Superior power and exemplary efficiency – the new A8 makes its debut on the market with a choice of two powerful V8 engines, one gasoline and the other a TDI, with a six-cylinder TDI to follow later. All three engines feature direct fuel injection and consume much less fuel than their predecessors – as much as 22 percent less. A second variant of the 3.0 TDI with 150 kW (204 hp) and front-wheel drive will follow at a later date. It is amazingly efficient. In the EU driving cycle, the new engine consumes only 6.0 liters/100 km (39.20 US mpg), analogous to 156 g CO2 per km (251.06 g/mile).
Audi uses new technologies from its modular efficiency platform in all three engines. One of these is the recuperation system. Whenever the driver lifts off the gas or brakes, the intelligent management system slightly increases the voltage of the generator so that it recharges the battery, which features a particularly high cycle strength. Electricity is fed back during subsequent acceleration, and the engine has to use less power to drive the generator. The generator uses a novel water cooling system. More efficient than an electric fan, this alone brings a benefit of roughly 0.1 liters/100 km.
The innovative thermal management is another Audi advancement. It reduces fuel consumption by around three percent. Many car trips cover less than 15 kilometers (9.32 miles), which is why an intelligent cold start and warm up program is so important.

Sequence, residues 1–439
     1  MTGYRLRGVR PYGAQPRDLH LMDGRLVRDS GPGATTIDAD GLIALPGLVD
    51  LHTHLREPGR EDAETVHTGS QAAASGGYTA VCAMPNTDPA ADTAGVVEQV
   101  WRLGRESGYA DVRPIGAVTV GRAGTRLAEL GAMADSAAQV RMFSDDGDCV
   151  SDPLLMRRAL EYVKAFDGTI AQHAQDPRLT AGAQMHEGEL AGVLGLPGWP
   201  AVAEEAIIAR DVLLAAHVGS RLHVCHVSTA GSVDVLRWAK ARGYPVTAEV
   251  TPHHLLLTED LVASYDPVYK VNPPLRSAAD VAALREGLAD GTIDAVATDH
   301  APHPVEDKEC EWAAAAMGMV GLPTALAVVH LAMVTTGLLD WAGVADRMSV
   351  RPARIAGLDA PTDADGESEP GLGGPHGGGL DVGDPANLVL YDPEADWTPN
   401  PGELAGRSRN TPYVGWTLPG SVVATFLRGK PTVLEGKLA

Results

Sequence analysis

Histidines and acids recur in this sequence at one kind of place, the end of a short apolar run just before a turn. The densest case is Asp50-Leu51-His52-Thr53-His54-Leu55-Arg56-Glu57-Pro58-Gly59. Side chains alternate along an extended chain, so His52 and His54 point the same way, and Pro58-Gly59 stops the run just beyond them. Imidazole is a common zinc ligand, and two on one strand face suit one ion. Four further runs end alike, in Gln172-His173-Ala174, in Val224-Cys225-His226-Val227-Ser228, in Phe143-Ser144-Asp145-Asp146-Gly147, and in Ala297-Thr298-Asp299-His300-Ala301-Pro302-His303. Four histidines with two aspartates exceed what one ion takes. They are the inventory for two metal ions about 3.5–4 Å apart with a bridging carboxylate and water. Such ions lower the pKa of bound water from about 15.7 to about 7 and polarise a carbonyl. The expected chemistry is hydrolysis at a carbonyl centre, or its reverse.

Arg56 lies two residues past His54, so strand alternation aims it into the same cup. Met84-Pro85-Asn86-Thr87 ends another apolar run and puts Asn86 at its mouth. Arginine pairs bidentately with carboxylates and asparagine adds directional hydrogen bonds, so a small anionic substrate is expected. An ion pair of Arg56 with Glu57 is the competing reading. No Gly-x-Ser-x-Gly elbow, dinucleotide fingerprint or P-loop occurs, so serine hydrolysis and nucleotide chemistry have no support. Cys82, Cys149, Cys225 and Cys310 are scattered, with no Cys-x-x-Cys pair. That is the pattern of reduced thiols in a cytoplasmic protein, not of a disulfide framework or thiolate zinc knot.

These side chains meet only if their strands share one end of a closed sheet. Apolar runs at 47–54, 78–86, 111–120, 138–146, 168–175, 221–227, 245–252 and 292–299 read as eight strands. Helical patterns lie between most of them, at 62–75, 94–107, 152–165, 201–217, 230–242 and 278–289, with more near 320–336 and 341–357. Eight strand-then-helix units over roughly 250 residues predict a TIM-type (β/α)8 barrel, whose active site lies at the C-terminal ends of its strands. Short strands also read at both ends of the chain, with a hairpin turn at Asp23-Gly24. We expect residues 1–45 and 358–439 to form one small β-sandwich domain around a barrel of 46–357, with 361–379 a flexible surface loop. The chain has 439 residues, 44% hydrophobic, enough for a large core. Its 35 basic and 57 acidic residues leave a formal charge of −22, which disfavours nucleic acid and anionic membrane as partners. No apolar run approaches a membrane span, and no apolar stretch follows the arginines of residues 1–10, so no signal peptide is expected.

In the new A8, electronically controlled valves completely disconnect the engine from the cooling system for a brief time following a cold start. This quickly gets the motor oil up to operating temperature and shortens the phase of elevated friction losses substantially. Once enough hot cooling water is available, the transmission oil for the eight-speed tiptronic is heated using a heat exchanger. A proprietary computer controls a multiplicity of actuators that ideally distribute the flows of heat between the engine, the transmission and the cabin in any situation – in the city and on the highway, in summer and in winter.
Efficiency in stop-and-go traffic: 3.0 TDI with start-stop system
The new 3.0 TDI is paired standard with a start-stop system. When the car comes to a stop at a traffic light or an intersection and the driver keeps the brake depressed, the system’s control unit shuts down the engine. On a hill or a downgrade, the brake system maintains the brake pressure unless the slope is greater than ten percent. A powerful starter restarts the engine quickly and conveniently as soon as the driver lets off the brake.